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Medea is a sorceress who is guided by passion, not laws.Consumed by her love for Jason, she helps him to escape from her father, even killing her own brother in the process. She is the extreme example of a woman scorned by her husband. However, Medea does not just sit at home and cry when Jason takes another wife, nor does she committ suicide because she is so devastated over her husband's betrayal. Medea exacts the ultimate revenge against Jason, taking everything from him just as he has taken all from her. Killing her children is the worst of all her horrific deeds by any society's standards, but Medea, the female, strips Jason of his masculinity and humanity.
I can't think of a woman in literature who takes more control of her situation than Medea. She does what she thinks she needs to do no matter how horrrific the consequences. Before the play opens, the tale of Medea includes her helping Jason win the Golden Fleece by the use of Medea's magical help. In doing this, she wins Jason's heart, but she betrays her father, the owner of the Fleece. As Jason and Medea are fleeing her homeland, she keeps her father from catching them my killing her own brother on board Jason's ship dismembering his body, and then throwing the parts overboard one at a time so that her father would have to stop and collect them for burial. Talk about determination!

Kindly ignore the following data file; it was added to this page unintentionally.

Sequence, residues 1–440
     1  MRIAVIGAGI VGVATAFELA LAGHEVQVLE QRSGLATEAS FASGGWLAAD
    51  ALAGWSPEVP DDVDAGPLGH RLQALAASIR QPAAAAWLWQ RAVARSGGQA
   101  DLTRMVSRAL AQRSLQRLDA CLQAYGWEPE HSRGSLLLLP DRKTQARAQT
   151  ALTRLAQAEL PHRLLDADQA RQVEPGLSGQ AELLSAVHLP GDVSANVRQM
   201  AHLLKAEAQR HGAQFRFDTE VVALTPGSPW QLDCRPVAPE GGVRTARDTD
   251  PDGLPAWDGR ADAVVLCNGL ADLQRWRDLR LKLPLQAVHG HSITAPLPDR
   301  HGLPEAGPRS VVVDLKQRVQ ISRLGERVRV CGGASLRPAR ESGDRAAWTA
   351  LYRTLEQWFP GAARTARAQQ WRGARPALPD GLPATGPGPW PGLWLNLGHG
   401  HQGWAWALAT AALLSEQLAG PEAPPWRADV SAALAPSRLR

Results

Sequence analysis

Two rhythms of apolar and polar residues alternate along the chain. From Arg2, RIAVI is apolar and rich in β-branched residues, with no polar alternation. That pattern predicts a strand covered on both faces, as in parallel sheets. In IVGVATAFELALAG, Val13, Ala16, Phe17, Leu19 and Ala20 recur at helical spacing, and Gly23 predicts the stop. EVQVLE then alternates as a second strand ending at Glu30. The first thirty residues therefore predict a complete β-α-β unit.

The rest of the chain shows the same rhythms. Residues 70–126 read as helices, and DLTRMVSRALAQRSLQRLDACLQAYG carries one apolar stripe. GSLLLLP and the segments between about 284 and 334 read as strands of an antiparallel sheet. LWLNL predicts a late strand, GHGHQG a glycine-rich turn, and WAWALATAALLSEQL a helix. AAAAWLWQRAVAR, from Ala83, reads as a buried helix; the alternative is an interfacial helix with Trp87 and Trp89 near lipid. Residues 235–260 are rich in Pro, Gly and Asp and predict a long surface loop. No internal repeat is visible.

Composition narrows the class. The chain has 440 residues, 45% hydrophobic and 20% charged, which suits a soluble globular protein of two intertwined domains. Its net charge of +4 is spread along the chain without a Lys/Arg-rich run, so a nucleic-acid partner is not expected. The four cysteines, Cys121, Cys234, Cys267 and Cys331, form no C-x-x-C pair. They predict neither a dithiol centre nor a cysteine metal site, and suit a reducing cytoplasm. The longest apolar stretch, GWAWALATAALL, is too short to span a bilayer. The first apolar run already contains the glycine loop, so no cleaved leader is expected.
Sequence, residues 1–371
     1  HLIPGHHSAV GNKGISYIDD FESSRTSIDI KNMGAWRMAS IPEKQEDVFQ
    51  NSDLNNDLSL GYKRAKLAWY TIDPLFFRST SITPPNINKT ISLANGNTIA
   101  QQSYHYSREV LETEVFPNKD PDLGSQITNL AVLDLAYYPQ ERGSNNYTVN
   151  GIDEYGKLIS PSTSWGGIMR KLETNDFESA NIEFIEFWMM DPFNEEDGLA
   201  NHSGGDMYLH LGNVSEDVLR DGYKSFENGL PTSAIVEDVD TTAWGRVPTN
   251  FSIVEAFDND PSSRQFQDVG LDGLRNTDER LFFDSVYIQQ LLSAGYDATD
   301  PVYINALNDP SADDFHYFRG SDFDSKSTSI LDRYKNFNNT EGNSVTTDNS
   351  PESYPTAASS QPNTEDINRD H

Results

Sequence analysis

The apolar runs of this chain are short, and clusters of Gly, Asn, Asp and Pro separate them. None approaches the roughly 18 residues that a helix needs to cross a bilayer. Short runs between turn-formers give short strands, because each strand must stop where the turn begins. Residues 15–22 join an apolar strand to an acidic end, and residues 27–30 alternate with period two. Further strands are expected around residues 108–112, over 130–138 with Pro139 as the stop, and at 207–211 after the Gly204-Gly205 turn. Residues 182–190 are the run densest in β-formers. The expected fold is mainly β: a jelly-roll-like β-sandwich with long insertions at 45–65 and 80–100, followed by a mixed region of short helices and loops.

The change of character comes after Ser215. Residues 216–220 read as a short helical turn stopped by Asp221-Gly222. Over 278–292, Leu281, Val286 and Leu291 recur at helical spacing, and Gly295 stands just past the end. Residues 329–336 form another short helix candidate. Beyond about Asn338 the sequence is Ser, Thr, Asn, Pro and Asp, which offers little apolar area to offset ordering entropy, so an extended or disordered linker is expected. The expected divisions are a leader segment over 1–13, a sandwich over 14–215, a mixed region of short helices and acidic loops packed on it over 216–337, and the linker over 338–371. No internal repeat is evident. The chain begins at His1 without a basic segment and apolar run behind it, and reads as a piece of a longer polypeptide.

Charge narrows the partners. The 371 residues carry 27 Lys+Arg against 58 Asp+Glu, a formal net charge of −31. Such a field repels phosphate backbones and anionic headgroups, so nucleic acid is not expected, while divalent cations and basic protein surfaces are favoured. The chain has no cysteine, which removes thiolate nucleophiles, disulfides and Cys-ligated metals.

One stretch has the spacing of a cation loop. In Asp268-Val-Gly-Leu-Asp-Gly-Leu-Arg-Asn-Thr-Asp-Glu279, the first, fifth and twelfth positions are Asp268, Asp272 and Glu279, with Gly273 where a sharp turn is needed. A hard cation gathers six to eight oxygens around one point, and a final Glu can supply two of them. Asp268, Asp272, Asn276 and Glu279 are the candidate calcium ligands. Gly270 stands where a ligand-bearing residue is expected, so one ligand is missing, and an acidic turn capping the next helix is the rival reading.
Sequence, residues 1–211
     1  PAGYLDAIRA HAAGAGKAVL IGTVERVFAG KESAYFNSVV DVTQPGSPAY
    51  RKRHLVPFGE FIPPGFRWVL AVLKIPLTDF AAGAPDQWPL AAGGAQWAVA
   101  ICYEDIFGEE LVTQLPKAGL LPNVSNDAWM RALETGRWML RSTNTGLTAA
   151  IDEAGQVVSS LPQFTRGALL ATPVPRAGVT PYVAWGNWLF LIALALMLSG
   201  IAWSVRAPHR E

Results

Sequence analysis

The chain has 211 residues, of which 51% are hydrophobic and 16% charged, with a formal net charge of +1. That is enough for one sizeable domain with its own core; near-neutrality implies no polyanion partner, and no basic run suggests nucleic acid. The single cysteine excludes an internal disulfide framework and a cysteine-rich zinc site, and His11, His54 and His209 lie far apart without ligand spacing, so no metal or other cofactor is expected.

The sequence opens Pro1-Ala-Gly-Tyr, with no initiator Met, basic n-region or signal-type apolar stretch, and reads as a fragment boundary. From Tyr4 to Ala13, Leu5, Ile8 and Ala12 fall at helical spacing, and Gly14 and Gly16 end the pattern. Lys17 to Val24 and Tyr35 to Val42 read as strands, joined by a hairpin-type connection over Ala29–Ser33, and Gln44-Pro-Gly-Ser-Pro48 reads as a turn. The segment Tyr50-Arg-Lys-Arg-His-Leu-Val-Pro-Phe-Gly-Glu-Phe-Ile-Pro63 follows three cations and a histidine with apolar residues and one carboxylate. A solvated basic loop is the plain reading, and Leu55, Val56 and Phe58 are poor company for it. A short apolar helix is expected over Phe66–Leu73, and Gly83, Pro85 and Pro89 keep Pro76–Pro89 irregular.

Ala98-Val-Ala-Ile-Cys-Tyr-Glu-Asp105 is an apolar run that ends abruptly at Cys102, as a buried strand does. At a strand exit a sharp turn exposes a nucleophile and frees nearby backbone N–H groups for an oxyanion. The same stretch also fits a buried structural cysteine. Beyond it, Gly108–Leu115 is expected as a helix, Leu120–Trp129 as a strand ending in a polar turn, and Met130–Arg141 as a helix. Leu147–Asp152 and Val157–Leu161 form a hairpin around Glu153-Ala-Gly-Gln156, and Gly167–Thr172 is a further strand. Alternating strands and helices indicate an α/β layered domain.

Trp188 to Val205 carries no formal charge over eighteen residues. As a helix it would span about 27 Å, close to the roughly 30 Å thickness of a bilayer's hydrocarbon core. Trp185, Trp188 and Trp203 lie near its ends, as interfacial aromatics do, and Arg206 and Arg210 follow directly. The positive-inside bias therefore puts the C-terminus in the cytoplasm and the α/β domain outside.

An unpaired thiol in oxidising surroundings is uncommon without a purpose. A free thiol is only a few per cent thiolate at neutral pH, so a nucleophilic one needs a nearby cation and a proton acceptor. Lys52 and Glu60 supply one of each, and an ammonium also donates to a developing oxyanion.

At the start of play we learn that Jason has left Medea to marry this princess of Corinth. Jason thinks he is bettering his family's situation in Corinth, but Medea only sees it as the ultimate betrayal and a selfish act. She can't let the act go unpunished -- she is way to full of pride. Unfortunately for her, she also knows that no matter what she does to punish Jason will bring retribution on her (and her children). She hates Jason so much and values her personal sense of honor so greatly that she does the unthinkable. She kills Jason's new wife. That, all by itself, shows a pretty strong feminist will -- she will not let her status as a woman be demeaned -- the man, Jason, can't just do whatever he pleases. The 2nd, even more horrific act, is that she then kills her own children. She justifies this act by explaining that it would be better for them to die at her hand as opposed to King Creon's men who are now her bitter enemies. It takes an incredible amount of strength to go through with the act of murder of her own children. This is also used as the ultimate punishment for Jason -- he lives on to mourn all he has lost, knowing that his actions made Medea take her actions.
While Medea's choices are abhorent, there is a strong streak of feminism in them. She refuses to just stand by and let the men in her life (father and Jason) determine her outcome. She takes control of her destiny.
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